(Reuters Health)—Patients may have better survival odds with female surgeons than with male surgeons, a recent Canadian study suggests.
Researchers examined data on 104,630 patients who underwent a variety of common procedures with a total of 3,314 different surgeons, including 774 females and 2,540 males.
Overall, patients treated by female surgeons were 12 percent less likely to die within 30 days, and they had similar complications rates and repeat hospital admissions, the study found.
“There are reasons to believe why female surgeons may have had these outcomes,” said senior study author Dr. Raj Satkunasivam, a researcher and surgeon at Houston Methodist Hospital.
“Surgery is a highly male dominated profession so that the cohort of females truly represents the ‘best of the best’ proportionately more skilled, motivated, and harder working surgeons who have had to perhaps pass a ‘higher bar’ to succeed,” Satkunasivam said by email.
Because the study wasn’t a controlled experiment designed to prove whether or how surgeons’ sex influences patient outcomes, however, it’s possible that factors such as the complexity of individual cases might have influenced the results, Satkunasivam noted.
Still, the study should help dispel any biases against female surgeons in the medical profession, since the women clearly didn’t perform worse than the men, Satkunasivam and colleagues note in the BMJ.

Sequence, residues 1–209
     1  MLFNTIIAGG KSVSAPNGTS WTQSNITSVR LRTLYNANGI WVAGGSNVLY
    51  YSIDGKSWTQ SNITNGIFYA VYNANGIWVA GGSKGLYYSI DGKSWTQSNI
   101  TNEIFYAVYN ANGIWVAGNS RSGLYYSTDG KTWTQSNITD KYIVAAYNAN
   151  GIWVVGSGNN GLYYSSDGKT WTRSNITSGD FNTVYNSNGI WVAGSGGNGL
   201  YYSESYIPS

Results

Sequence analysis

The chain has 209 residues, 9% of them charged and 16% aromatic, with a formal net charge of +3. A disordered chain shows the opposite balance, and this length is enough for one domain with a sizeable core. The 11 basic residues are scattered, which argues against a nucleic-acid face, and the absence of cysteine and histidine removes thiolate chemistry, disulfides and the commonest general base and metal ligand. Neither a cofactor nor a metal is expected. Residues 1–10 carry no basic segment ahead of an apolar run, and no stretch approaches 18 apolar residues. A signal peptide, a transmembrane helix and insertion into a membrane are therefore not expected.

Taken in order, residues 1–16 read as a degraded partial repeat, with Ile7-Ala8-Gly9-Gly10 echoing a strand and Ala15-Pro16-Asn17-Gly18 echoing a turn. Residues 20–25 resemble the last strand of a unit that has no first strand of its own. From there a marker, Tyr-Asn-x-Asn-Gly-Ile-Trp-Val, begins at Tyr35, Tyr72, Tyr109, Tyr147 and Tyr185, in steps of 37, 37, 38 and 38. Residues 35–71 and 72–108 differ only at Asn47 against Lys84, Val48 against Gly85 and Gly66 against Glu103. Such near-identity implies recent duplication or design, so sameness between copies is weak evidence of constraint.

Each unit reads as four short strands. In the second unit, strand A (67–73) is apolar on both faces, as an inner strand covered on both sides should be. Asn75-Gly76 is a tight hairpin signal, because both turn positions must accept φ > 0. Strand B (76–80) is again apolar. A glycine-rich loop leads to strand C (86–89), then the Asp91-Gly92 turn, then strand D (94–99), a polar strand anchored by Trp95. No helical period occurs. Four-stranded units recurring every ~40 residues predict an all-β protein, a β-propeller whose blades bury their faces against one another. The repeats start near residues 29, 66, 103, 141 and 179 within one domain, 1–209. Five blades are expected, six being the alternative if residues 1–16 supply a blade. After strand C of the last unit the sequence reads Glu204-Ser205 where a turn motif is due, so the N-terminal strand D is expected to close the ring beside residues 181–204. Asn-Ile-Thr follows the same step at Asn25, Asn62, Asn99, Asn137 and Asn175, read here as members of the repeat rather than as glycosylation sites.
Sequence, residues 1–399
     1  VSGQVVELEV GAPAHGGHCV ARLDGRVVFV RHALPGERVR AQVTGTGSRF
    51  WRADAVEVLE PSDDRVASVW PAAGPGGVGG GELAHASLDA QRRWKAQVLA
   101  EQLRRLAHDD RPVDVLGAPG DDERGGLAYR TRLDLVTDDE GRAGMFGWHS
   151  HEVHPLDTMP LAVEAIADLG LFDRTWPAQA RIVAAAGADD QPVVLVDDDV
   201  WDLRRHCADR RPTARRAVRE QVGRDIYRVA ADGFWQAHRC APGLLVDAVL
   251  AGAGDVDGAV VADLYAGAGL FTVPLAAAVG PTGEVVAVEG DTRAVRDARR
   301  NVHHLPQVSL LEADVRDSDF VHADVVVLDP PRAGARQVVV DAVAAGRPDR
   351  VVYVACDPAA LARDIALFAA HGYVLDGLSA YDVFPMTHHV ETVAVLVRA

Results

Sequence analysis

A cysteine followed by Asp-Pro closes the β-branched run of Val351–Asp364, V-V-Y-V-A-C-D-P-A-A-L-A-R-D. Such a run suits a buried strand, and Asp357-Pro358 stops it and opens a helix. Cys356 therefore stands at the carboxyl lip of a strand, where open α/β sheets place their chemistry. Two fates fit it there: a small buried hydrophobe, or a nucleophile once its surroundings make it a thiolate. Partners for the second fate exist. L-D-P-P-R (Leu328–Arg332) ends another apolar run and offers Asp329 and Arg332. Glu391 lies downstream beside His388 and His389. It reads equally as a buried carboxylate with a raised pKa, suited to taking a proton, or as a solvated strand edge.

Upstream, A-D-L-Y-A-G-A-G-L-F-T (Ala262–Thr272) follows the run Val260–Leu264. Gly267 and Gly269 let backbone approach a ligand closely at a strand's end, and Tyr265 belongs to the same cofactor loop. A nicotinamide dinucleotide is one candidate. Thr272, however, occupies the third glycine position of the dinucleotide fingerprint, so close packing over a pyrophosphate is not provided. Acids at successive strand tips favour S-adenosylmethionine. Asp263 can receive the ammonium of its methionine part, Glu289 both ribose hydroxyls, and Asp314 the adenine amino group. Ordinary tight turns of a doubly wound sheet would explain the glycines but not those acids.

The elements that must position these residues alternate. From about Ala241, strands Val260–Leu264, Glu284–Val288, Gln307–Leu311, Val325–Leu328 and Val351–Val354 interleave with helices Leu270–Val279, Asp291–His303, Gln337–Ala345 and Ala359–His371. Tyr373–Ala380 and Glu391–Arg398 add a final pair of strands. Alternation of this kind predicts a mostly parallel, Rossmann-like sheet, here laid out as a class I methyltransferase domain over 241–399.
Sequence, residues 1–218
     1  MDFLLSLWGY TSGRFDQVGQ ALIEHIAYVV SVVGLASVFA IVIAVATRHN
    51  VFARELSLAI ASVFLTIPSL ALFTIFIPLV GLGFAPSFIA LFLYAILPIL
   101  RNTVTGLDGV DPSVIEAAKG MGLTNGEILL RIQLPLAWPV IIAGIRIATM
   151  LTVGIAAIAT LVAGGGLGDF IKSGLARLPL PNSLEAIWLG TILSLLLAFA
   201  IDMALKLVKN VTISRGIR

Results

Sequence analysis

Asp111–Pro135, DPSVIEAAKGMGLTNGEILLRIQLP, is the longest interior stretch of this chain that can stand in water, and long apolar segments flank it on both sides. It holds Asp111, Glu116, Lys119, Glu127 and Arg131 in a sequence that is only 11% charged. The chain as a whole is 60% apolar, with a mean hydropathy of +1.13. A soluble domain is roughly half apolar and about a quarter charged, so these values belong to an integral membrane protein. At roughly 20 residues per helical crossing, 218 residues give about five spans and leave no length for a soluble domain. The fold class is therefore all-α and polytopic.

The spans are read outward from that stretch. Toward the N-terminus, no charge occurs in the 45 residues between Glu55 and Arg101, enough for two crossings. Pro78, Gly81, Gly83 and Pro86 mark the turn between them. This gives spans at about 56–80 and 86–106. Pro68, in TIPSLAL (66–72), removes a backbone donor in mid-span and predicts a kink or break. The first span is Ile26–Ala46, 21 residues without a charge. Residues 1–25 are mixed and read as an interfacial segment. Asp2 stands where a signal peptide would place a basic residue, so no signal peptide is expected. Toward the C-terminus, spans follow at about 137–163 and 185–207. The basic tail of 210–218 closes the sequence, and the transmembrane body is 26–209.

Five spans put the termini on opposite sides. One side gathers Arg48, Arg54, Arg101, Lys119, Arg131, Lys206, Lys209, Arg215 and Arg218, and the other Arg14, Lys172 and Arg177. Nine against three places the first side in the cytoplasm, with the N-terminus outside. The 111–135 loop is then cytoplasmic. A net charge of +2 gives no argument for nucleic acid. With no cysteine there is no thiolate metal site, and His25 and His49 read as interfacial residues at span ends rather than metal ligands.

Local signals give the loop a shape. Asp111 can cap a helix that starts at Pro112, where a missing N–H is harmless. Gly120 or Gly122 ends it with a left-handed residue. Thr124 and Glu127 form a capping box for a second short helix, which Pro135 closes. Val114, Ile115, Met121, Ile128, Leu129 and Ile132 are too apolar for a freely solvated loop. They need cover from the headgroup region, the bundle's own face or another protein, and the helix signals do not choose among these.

The study focused on outcomes for 25 common procedures including a variety of heart operations, weight-loss surgeries, knee and hip replacements, and cancer treatments.
Overall, 11.1 percent of patients treated by female surgeons died, experienced serious complications or had repeat admissions to the hospital within 30 days of their operations, compared to 11.3 percent with male surgeons, the study found.
This translated into 4 percent lower odds of either death, complications or repeat admissions with female surgeons.
Researchers also accounted for differences in outcomes for procedures that were scheduled in advance, when patients can often choose their surgeon, and emergency operations, when patients typically do not make this choice.
One limitation of the study is that researchers lacked some data on patients that might impact their odds of death or complications, such as other medical problems or socioeconomic factors like income.
While the findings should dispel any lingering biases against female surgeons, it’s unlikely that the sex of the surgeon would be a good way to predict how well patients will do after their operations, Derek Alderson, president of the Royal College of Surgeons of England, and past-president Clare Marx write in an accompanying editorial.
However, the results do support giving female surgeons the same career opportunities as their male counterparts, said Dr. Heather Logghe, author of a separate accompanying editorial and a researcher at Thomas Jefferson University in Philadelphia.
“Given the historical exclusion of women from surgical training and today’s glass ceiling in terms of leadership positions, academic promotion, and pay equity among surgeons, this study is hugely impactful,” Logghe said by email. “It demonstrates that based on clinical outcomes there should be parity in leadership, promotion, and pay for women surgeons.”